Food and Drug Administration scientists reviewing what could become the first medicine for the fatty liver disease NASH are skeptical the treatment’s safety risks outweigh its “modest” benefits, according to documents made public Wednesday.
The documents were posted online ahead of a Friday advisory committee meeting on the drug, known as obeticholic acid, or OCA, and developed by biotechnology company Intercept Pharmaceuticals. Panelists are being asked whether the FDA should grant the treatment an “accelerated” approval based on biological markers, or defer a decision until Intercept has data from an ongoing Phase 3 trial. That trial is testing the drug’s impact on health outcomes, but results aren’t expected until 2025.
The committee will also discuss whether close monitoring could reduce the risk of drug-induced liver damage — a key concern of regulators — and whether the benefits are worth the risk for a large group of patients with NASH, or non-alcoholic steatohepatitis.
The FDA will decide whether to approve OCA by June 22. It typically follows the recommendations of its advisory panels.
The documents show staff scientists are skeptical OCA is helpful enough to justify a variety of health risks that emerged in testing, from liver and kidney injury to cardiovascular issues like diabetes and dyslipidemia.
For example, FDA reviewers found OCA “exacerbates co-morbidities or creates new ones” for patients already at risk for “metabolic syndrome and its manifestations.” A post-approval plan to lower those risks could be difficult to carry out, and may not eliminate the chance of liver injury. Patients with NASH will require lifelong drug therapy, and compliance to frequent monitoring could be an issue, the reviewers wrote.
While staff scientists acknowledged NASH is an “unmet need,” they also described OCA’s effects as “modest” compared to a placebo. In Phase 3 testing, 21% of patients on a high dose of OCA experienced no worsening of their disease and at least some improvement in liver scarring after 18 months, versus 12% of those in the placebo group. That equated to a difference in risk of about 8.6%, FDA reviewers wrote. (The difference was slightly higher when other methods of calculation were used.)
“Despite the modest treatment effect over placebo, the FDA cannot justify OCA use in NASH patients with Stage 2 or 3 fibrosis,” the reviewers wrote, referring to the level of internal scarring in patients’ livers at the time of treatment. The FDA estimates 5.7 million Americans fit that description and would be eligible for treatment with OCA.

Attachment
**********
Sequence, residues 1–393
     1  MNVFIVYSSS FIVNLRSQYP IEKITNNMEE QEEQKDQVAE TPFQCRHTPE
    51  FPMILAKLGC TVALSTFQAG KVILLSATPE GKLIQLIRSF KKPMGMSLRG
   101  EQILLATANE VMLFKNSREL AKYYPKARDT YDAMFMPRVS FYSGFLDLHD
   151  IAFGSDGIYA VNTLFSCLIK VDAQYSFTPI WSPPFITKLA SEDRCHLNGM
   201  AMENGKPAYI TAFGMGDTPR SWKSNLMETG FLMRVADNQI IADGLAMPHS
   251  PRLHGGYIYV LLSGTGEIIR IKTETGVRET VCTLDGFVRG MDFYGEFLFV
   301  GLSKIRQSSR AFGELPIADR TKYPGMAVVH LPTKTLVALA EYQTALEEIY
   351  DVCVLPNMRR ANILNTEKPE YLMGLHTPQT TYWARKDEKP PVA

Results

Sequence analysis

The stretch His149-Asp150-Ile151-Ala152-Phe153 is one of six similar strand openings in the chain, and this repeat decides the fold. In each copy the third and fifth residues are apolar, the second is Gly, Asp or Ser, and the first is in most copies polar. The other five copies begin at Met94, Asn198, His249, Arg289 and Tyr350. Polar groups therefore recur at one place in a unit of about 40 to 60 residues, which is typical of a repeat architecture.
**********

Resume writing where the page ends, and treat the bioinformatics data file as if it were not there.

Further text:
”We've seen companies come back from negative docs with a positive vote but this is going to be a tough one to pull through,” wrote Baird analyst Brian Skorney in a note to clients on Wednesday.
Citing public comments from the company, Jefferies analyst Michael Yee wrote in a separate note that there’s a “chance” Intercept could discontinue development in NASH if OCA is rejected. The drug is sold as Ocaliva for a different liver disease known as primary biliary cholangitis, and generated about $343 million in worldwide sales last year.
No drug therapies currently exist for NASH, a disease caused by a buildup of fat in the liver and only slowed by weight loss or bariatric surgery. The disease affects 5% of the U.S. population and is the second-leading cause of liver transplants in the country, according to the FDA.
Drugmakers have pursued NASH drugs for more than a decade, but it’s proved a tough target. Several would-be medicines have failed in clinical testing. Intercept’s was the first to succeed, but regulators rejected it in 2020 and demanded more evidence.
At the time of OCA’s rejection, Intercept said FDA staff weren’t convinced OCA’s benefits outweighed its potential risks. Intercept spent the next few years collecting biopsies from more patients and resubmitted an application in 2022.
Along the way, though, shares in the company lost much of their value and newer competitors emerged. Madrigal Pharmaceuticals reported success in Phase 3 testing last year, for example. Others have disclosed promising results in earlier trials, too.
Wall Street analysts are therefore paying attention to Intercept’s review because of the potential implications for NASH drug development more broadly. According to Raymond James analyst Steven Seedhouse, the impact is likely to be limited. Still, he wrote in a Wednesday note that it would be “precedent setting for the entire field” if the committee votes to defer an approval until Intercept collects health outcome data.
“It’s hard to see the FDA saying wait for outcomes in this case, and then approving other drugs with similar ‘modest’ effects on surrogate endpoints unless safety is eminently clear,” Seedhouse wrote.
Jefferies analyst Yee added that others “may find negative FDA read-through to NASH,” given the harsh tone of the briefing documents. But he called the safety issues cited by the FDA specific to Intercept and not others with potentially safer or more potent drugs.
Intercept shares fell by as much as 20% before settling back to trade down about 15%. Shares in Madrigal fell by nearly 5%, while those of other NASH drugmakers Viking Therapeutics and Akero Therapeutics were little changed.